I am so enjoying having these two teenagers in my life. Sam is working on his Eagle project, trying to keep his grades up, applying to colleges. That all sounds so mainstream, so straight arrow. But anyone who has known us all over the years knows that Sam is anything but mainstream. I count it a huge success that he is on the path he is on. And while there is some stress to it, he seems to be handling it well. He isn't having much of a social life, but I don't think it is significant -- I just think he's spread too thin to add that right now. In fact, since I drafted this the first time he has made noises about asking a girl out -- after his Eagle project is done.

Warren struggled mightily to find a new job, and has now landed one at Otani Sushi Bar & Japanese Restaurant. But I still feel like he is struggling with believing that things will work out -- his self-confidence is shaken, and he's having a hard time seeing his way from today to tomorrow. On the other hand, I remain extremely positive about his future.  He is a hard worker and a survivor.  We just need to keep his spirits up, so he doesn't lose faith in himself. Warren also has a social life -- possibly too much so. It seems that girls go for him in a big way, often to his detriment. I hope that while I am in a position of influence in his life, I can help him learn better coping mechanisms for girls, and to set his sites higher than he has in the past.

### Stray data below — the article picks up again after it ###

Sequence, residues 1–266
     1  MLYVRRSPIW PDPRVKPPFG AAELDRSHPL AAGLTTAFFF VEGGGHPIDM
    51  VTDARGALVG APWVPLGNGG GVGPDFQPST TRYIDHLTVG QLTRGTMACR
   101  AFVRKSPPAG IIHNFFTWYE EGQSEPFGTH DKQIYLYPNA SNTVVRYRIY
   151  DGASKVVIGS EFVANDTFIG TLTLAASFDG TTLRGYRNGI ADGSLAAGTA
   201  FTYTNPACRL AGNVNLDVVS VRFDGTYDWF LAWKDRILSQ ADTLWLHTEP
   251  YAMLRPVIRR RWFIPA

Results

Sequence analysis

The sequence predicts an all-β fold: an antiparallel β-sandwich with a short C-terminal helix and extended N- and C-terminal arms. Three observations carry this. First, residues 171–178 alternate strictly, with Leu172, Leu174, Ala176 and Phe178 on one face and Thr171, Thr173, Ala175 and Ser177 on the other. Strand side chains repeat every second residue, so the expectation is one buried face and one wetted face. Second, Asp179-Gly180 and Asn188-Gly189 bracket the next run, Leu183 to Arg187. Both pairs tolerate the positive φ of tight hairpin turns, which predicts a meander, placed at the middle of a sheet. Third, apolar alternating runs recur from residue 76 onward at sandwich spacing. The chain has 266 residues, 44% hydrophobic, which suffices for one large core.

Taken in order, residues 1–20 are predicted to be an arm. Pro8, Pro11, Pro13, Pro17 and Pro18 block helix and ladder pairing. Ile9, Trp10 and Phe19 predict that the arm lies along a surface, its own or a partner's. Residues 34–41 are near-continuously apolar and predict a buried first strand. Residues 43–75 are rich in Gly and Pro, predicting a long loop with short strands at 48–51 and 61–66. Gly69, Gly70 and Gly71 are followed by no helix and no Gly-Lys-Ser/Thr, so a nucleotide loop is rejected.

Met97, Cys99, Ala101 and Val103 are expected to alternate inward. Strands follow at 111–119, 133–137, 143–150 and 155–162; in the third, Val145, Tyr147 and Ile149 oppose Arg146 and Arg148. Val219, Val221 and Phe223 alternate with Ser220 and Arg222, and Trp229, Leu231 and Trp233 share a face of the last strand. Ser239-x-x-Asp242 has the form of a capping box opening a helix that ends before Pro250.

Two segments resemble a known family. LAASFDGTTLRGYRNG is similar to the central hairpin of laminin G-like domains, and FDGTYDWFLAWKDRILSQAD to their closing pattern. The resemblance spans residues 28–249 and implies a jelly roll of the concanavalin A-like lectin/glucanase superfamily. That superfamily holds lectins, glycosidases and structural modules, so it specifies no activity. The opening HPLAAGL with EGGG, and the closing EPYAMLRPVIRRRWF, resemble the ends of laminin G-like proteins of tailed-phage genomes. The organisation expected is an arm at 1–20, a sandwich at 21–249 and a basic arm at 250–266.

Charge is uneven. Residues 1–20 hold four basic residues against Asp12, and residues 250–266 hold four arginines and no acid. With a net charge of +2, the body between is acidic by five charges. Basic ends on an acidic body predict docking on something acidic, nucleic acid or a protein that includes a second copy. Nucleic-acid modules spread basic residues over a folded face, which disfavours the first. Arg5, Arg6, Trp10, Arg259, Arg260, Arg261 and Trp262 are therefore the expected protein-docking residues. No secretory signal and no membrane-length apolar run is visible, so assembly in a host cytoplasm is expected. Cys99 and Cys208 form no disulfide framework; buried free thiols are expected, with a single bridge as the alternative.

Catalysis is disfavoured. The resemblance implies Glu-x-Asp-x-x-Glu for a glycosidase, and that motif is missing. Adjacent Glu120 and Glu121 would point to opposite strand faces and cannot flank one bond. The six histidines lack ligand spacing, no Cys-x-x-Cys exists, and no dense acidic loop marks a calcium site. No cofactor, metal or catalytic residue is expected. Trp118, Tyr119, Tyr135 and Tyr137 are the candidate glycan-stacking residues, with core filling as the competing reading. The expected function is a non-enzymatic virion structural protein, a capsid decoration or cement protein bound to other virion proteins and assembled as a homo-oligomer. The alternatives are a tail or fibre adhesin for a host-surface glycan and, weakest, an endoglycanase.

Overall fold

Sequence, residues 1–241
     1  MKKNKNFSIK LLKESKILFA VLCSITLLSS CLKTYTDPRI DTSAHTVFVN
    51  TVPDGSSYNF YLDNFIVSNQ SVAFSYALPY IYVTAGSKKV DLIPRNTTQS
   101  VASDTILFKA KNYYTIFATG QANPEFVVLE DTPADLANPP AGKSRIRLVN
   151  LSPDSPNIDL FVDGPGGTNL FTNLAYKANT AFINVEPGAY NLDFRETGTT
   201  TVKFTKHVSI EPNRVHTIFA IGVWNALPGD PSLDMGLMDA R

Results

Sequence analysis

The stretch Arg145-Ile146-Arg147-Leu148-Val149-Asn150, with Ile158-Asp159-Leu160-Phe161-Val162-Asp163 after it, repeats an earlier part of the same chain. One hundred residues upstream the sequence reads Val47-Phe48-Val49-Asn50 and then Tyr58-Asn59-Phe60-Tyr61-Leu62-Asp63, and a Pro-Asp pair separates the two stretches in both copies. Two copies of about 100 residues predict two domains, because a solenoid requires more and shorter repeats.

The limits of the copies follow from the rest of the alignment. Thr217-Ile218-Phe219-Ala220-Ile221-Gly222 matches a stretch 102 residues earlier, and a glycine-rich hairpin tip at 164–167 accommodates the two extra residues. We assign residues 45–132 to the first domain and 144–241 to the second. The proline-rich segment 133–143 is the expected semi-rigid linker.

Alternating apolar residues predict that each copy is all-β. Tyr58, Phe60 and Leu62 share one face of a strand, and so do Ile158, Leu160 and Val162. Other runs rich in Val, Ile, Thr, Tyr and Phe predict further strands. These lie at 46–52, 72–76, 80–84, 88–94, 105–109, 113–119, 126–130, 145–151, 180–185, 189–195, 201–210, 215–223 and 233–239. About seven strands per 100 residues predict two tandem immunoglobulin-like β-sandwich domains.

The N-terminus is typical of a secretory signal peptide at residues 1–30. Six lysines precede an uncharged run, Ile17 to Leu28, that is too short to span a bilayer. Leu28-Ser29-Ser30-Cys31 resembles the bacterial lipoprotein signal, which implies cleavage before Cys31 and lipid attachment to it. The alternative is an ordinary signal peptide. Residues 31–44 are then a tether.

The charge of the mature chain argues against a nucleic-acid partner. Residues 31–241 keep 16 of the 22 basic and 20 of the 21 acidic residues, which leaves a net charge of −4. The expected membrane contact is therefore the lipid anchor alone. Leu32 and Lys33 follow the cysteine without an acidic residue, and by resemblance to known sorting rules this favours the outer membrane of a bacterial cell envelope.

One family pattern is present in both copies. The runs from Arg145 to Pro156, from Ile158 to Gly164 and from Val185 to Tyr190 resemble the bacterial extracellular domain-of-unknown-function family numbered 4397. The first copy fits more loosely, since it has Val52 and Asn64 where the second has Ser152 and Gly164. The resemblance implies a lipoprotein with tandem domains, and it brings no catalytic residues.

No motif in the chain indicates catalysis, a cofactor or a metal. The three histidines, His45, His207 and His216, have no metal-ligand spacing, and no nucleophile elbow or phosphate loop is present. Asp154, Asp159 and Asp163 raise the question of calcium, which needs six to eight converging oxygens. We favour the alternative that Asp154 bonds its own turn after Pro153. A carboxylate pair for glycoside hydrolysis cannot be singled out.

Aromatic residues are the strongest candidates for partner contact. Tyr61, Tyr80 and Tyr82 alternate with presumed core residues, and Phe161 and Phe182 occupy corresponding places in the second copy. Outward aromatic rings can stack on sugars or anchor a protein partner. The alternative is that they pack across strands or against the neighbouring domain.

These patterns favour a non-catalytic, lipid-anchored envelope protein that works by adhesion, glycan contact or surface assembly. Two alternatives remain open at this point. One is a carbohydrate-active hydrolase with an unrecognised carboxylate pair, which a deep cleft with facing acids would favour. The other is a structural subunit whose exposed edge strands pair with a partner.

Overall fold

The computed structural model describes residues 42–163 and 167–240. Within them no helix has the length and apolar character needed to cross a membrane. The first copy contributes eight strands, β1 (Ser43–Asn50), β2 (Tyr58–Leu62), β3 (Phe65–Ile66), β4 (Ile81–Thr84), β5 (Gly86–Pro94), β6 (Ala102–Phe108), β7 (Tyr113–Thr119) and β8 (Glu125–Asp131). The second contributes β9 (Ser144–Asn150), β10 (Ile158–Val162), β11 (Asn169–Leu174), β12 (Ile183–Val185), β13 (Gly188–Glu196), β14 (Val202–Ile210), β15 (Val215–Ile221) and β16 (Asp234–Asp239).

I know that next year, when Sam heads off to college, our life will become quite different. I can't predict at this point whether Warren will still be here with us then or not (though I hope so). But whatever the configuration of our life then, I know it will be something new, totally unexperienced. And it might be just as wonderful. But for today, I am savoring the life we are living. Oh, it has its stresses and bumps in the road, but then, it wouldn't be life otherwise, would it?  And it is, indeed, a wonderful life.